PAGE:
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Staff stories

Robbie Woods


When Robbie Woods arrives at his desk at the James Paget today, his focus is on improving the hospital’s systems and processes, for the benefit of both patients and staff.

As one of the Transformation Team, Robbie has been involved in numerous projects, recently helping the hospital maximise use of its operating theatres, and introducing an SMS text messaging services for patients, reminding them to attend their upcoming appointments so that slots do not go to waste.

But his career at the Paget started very differently - as one of the first chefs in the hospital’s brand new kitchens.

Robbie in his white chefs uniform and hat

Robbie started work as a pastry chef (pictured above) before the hospital had even welcomed its first patients, working under Head Chef Dave Caton, who moved across with Robbie from Northgate Hospital.

“With no patients on site and no patients to feed, it was a strange period as we became accustomed to the large equipment and how things worked,” said Robbie.

“As our full brigade of chefs was split with a number continuing to work at the old General Hospital site in Yarmouth, the new chefs were all from local hotels and restaurants - and I can recall many of them complaining about their legs aching as they had to walk so far each day within the kitchen compared to the small compact kitchens they had come from!”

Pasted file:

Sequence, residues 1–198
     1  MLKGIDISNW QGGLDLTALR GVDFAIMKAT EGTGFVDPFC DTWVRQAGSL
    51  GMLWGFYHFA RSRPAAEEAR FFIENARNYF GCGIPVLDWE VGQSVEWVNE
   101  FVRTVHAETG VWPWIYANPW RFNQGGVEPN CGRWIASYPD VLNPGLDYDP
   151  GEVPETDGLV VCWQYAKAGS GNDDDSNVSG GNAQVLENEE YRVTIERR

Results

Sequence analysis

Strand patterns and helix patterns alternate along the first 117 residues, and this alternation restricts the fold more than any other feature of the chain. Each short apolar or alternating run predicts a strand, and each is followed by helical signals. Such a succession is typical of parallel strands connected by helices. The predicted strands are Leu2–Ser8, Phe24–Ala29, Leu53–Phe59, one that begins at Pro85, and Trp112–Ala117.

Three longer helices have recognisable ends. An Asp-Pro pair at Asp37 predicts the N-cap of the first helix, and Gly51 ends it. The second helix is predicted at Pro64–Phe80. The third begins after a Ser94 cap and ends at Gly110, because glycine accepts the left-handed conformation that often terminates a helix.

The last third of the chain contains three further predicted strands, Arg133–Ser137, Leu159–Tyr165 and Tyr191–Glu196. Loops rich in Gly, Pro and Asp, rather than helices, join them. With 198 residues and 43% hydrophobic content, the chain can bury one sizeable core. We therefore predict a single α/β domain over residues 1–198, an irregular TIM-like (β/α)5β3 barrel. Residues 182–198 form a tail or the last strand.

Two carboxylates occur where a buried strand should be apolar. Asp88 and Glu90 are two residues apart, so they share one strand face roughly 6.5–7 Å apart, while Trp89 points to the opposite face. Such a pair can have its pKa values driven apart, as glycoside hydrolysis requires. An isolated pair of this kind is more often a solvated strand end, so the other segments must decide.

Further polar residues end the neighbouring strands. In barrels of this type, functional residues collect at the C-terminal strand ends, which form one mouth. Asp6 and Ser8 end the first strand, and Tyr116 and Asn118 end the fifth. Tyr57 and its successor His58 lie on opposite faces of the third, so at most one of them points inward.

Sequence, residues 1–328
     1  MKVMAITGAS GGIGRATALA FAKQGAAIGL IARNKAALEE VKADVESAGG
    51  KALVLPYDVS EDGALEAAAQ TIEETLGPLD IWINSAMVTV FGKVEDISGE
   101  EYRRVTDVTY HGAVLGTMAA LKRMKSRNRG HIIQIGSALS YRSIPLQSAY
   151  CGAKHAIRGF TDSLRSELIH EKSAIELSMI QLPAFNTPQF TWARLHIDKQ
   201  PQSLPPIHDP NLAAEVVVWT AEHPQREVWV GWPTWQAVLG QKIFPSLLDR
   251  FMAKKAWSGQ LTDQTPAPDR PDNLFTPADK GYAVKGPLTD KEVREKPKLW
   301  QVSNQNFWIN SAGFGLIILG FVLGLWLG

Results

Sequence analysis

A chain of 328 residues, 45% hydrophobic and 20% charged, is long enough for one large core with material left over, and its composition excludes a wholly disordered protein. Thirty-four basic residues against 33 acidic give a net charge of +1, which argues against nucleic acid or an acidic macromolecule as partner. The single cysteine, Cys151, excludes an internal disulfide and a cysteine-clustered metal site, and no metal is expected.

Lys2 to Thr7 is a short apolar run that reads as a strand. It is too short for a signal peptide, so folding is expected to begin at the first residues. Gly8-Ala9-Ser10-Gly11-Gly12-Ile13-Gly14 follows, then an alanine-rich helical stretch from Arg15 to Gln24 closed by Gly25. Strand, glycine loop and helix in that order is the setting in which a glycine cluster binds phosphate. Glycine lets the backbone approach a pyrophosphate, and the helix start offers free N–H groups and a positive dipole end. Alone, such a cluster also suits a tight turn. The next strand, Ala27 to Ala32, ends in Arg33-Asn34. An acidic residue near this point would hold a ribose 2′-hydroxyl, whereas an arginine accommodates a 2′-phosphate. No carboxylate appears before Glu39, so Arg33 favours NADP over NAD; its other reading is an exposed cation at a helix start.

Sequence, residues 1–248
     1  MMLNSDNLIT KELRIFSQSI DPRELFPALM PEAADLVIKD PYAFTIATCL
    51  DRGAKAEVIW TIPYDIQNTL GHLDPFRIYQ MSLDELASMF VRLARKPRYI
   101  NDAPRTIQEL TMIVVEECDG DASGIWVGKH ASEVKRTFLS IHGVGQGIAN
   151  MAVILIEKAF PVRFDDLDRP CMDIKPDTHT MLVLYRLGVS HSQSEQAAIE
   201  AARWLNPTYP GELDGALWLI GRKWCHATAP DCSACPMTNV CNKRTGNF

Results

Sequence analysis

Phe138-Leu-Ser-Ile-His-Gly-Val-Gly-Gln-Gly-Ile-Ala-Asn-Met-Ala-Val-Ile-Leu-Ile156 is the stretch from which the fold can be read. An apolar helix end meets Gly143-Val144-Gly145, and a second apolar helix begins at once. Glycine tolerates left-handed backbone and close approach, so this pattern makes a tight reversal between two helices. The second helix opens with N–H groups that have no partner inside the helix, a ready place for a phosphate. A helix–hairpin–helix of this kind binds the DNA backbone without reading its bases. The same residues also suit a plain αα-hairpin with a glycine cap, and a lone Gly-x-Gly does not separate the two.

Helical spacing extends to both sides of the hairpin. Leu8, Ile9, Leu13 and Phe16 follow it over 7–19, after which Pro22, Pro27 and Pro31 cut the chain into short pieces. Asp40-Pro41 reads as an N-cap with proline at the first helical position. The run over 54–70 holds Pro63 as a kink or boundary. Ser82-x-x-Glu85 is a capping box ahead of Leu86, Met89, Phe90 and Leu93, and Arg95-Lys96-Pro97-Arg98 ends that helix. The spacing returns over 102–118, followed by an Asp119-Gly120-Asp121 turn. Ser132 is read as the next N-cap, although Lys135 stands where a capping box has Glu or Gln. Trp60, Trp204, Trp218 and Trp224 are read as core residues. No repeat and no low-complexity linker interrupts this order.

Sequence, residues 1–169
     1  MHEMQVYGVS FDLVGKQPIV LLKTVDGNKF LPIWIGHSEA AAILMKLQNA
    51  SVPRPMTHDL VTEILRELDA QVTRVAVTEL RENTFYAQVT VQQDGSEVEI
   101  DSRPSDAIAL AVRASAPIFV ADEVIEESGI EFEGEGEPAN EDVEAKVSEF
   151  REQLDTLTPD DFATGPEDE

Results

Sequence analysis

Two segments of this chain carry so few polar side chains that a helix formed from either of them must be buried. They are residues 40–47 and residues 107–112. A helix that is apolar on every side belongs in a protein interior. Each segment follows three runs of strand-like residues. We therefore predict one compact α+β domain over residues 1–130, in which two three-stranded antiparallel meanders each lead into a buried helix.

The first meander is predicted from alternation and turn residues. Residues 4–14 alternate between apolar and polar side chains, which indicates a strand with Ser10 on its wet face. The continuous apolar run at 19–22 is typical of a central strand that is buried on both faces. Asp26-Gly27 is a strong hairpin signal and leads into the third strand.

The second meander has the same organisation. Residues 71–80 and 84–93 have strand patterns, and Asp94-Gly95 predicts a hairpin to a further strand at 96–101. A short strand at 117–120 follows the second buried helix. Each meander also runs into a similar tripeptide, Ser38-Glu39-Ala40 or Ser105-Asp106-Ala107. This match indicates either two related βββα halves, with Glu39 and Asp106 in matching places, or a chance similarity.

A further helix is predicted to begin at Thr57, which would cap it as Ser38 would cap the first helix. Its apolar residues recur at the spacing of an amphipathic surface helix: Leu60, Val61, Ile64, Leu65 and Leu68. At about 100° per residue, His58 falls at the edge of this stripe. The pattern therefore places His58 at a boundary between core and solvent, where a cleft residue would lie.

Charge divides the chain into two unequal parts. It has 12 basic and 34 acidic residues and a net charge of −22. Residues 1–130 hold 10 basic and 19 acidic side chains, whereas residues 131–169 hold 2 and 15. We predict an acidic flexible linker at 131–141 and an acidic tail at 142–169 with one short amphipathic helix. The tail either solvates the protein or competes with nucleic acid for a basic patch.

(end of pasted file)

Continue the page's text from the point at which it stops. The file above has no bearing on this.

As everything was new, the catering team not only had to develop menus but also the logistics to deliver hundreds of meals to patients at meal times, right across the hospital site.

“We didn’t know where the wards were or what sequence we would use to deliver food trolleys. I can recall us doing trial runs and testing food temperatures as we went to ascertain the most efficient and effective routes,” said Robbie.

“We also did trial runs for the patient meal conveyor belt, where we would send 400 trays down with empty plates and cutlery and load the trolleys just to get our timings right.”

When the hospital first opened, there was a coffee lounge directly beneath the kitchen, in what is now the Broadland Suite. There, the catering team ran “the Gourmet Club”, serving high-quality meals to local dignitaries and business leaders, who paid for the four-course dinners which were all created upstairs in the hospital kitchens.

“These were extremely successful, led by the Chief Executive and got local people involved in the hospital. We would run maybe three every year but I am pretty sure we wouldn’t get an alcohol licence now!,” said Robbie.

But it wasn’t all work. Robbie can still recall annual five-a-side football tournaments which took place on the green at the rear of the hospital, with great rivalry between departments. The hospital also entered a couple of teams for the Gorleston raft race, with staff from various departments teaming up to spend weeks building their craft for the big day.